SAI tools support farmers in assessing, measuring and implementing sustainable agricultural practices. All systems are voluntary and easy-to-use, even for smallholder farms. On-farm water management is widely covered.

Description

In 2002, Nestlé, Unilever and Danone formed the Sustainable Agriculture Initiative (SAI); a platform which now brings together over 70 companies sharing knowledge and best practices on sustainable agricultural practices. SAI develops tools and guidance to support sustainable sourcing and production of arable and vegetable crops, beef, coffee, dairy and fruit. SAI’s Farm Sustainability Assessment provides a questionnaire to assess farm sustainability, which can be used directly with farmers or as a benchmark tool for comparing proprietary codes/company charters and certification schemes. Check points are scaled as either essential, basic or advanced, and the tool includes an intuitive scoring mechanism with a visualized overview of the farm’s performance.

SAI also offers water-specific guidance in its documents entitled “Principles & Practices for Sustainable Water Management in Agriculture” and “Water Stewardship in Sustainable Agriculture”. The P&P document presents recommended practices of water management for economic, social and environmental sustainability on a higher level than is covered in the FSA alone. Additionally, it features principles and practices specific for the production of coffee, dairy & livestock and vegetables & fruits. The water stewardship document provides a more general introduction to the catchment approach and stakeholder engagement within water management. Together, these resources make up a great package for sustainability efforts!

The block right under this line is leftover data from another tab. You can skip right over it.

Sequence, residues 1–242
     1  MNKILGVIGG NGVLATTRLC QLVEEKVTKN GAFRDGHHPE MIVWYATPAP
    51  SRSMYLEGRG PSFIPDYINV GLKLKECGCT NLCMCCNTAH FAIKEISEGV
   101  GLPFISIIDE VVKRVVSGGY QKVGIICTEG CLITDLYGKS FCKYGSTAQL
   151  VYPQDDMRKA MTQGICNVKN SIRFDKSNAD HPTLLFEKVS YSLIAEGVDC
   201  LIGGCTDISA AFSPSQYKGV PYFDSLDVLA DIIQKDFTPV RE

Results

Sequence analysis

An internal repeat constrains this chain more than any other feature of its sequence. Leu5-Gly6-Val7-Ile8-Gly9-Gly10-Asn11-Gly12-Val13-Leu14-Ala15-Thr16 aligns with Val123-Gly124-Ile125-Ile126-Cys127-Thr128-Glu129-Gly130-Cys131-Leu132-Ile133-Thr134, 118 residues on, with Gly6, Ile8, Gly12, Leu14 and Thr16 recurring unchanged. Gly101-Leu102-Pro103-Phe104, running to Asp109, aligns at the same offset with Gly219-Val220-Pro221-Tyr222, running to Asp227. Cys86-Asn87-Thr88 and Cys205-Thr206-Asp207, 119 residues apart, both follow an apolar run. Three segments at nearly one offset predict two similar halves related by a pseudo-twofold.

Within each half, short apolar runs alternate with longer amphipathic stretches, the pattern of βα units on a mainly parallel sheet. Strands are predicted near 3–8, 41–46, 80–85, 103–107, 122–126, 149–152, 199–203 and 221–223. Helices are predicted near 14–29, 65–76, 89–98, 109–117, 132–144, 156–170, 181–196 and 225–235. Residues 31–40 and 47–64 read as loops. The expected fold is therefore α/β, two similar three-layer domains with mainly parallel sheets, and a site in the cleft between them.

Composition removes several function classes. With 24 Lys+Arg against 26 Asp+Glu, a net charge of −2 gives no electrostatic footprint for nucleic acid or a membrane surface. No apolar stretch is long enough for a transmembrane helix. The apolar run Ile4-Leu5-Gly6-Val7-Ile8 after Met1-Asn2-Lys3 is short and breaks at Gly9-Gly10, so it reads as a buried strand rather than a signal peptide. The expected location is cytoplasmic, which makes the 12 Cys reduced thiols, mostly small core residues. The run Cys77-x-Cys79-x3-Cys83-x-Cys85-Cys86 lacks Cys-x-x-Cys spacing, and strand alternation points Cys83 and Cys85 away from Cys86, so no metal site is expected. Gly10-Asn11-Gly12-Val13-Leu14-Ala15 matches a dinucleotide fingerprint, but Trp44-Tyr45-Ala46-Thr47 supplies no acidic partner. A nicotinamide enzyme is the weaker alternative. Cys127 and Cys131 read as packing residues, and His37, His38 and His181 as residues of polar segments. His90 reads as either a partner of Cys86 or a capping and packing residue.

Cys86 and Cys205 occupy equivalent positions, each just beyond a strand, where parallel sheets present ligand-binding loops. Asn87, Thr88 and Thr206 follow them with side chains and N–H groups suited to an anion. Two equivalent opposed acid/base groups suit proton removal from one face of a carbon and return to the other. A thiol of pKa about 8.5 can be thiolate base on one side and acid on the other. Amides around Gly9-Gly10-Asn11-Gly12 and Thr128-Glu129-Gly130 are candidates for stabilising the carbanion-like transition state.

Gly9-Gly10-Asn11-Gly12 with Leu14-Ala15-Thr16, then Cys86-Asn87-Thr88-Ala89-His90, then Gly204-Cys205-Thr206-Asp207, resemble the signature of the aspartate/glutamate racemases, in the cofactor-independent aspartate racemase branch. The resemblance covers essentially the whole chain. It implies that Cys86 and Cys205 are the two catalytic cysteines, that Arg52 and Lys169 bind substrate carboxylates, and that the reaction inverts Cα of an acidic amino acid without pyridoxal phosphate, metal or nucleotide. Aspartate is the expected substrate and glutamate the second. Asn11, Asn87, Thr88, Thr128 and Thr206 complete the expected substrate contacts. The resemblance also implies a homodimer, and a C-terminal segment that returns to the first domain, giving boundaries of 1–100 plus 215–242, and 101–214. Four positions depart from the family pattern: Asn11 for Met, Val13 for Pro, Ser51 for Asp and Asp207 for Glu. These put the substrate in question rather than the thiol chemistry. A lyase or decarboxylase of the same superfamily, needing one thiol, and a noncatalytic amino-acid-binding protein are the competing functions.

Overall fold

Farming

FSA:

Conservation of important ecosystems such as wetlands and peat lands. Assessment of the suitability of the land for its current and planned use including previous use, current characteristics of the land, impact on neighbouring activities and respecting the rights of communities regarding access to natural resources.

A “farm management plan” identifying risks and opportunities, and with concrete targets on e.g. water availability. A “water management plan” to minimize use and waste of irrigated water (see Irrigation). Cooperation with other water users to balance needs and diversification of sources mentioned as possible measures.

P&P (additional):

Farm selection and management that takes into account water stress levels, availability and quality of water sources; choice and location for crop production should be chosen based on this, and water harvesting and storage planned if necessary. Minimising or/and reducing water use by managing soil fertility and reducing land degradation, reusing, recycling, conserving and collecting water and/or using low demand systems (see Irrigation and Water reuse). Storing runoff using tanks, ponds, cisterns or earth dams. Conduct water audit and balance including recycling and irrigation per crop; implement water meters for crops and pumping systems and record regularly.

Minimise and mitigate impacts on ecosystems through e.g. low water fertilizers, ensuring infrastructure for delivery of water is adequately maintained, assessing maximum levels of water extraction above which underlying ecosystem would get overexploited, ensuring adequacy of resource/aquatic protection, sealing unused wells. The comprehensive “water management plan” should ensure efficient use of water while at the same time preserving volume and quality of reserves and courses (for the list of guidelines, see p. 13).

FSA: